3D Printing with Concrete - Development of a Vibrating Nozzle for Material Extrusion
Presented By: Karthik Sooryanarayana
Affiliation: University of Illinois At Urbana Champaign
Description: The rheological requirements for 3D printing of concrete are two-fold. During pumping and extrusion, the concrete needs to behave like a fluid, and solid like after extrusion to resist the self-weight of the layer as well as the weight of subsequently printed layers. Vibration can be used to alter the yield stress of fresh concrete to control its fluid/solid state. Vibration causes an immediate and reversible reduction in the yield stress of granular suspensions such as concrete. A modified concrete rheometer was used for the rheological characterization of concrete mixtures during vibration. The effect of changing mixture design and vibration parameters of the rheology of concrete was studied. A prototype vibrating nozzle is being developed to understand the relation between rheology and the printing process (see attached figure). Material deposition by the vibrating nozzle can potentially lead to greater layer height and faster 3D printing. Vibration allows for the printing of cementitious mixtures with coarse aggregates and has the potential to make 3D printing of concrete more economical, durable, and sustainable. This study evaluates the implication of using vibration to deposit concrete using the vibrating nozzle prototype. Rheological limits are being established to define the printability of the concrete mixtures.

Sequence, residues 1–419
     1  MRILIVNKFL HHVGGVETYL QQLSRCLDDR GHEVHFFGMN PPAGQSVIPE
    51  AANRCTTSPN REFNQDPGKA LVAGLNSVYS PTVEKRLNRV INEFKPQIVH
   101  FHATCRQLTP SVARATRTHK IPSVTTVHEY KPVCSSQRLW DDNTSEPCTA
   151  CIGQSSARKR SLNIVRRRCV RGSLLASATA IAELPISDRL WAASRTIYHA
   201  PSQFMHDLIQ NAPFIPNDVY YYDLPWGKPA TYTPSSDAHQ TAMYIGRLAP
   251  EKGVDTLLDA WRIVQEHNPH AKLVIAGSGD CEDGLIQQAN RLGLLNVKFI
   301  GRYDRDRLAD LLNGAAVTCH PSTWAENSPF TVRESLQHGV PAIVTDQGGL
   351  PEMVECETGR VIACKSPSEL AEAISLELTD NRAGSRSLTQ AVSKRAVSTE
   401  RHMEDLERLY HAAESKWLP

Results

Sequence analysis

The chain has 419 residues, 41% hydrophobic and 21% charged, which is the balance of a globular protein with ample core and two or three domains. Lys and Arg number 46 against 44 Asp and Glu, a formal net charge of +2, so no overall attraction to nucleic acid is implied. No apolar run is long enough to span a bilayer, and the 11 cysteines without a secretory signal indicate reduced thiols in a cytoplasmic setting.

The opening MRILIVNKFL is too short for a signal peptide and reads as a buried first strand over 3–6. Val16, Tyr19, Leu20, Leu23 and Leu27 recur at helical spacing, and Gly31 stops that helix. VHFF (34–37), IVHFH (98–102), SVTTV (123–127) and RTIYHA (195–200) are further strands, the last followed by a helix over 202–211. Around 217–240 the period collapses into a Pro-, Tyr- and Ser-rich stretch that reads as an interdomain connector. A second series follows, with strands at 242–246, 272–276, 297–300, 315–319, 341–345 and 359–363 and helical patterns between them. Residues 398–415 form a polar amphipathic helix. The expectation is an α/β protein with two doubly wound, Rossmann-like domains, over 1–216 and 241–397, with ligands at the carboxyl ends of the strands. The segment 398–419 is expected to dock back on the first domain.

Shear Behavior of Macro-Synthetic Fiber-Reinforced Concrete
Presented By: John Paul Gaston
Affiliation: University of Washington Seattle
Description: Macro-synthetic fibers are often used as secondary reinforcement in concrete members, designed to control shrinkage and temperature cracks. While a large body of research has investigated the shear behavior of steel fiber-reinforced concrete beams, few studies have investigated the contribution of macro-synthetic fibers to the shear strength of structural members. This ongoing research, funded by the ACI Concrete Research Council, investigates the combined use of macro-synthetic fibers and conventional deformed bars to resist shear forces, quantifying the potentially beneficial interaction between the two types of reinforcement. Twelve panel elements (36 in x 36 in x 3 in), representing rectangular portions of reinforced concrete beams or walls, will be subjected to in-plane stresses using the University of Washington's Panel Element Tester, one of the only several similar devices in the world. The variables of interest within the experimental program include the fiber volume fraction and transverse reinforcement ratio. Data from the panel tests and the existing literature will be used to develop design equations for the shear strength of macro-synthetic fiber-reinforced concrete members that also contain conventional transverse deformed bar reinforcement. The design equations will be developed to be consistent with the approach used in ACI 318 and will be based on a rational shear behavior model developed as part of this research effort. This presentation will discuss the results of the experimental campaign to date and present preliminary findings of the research program.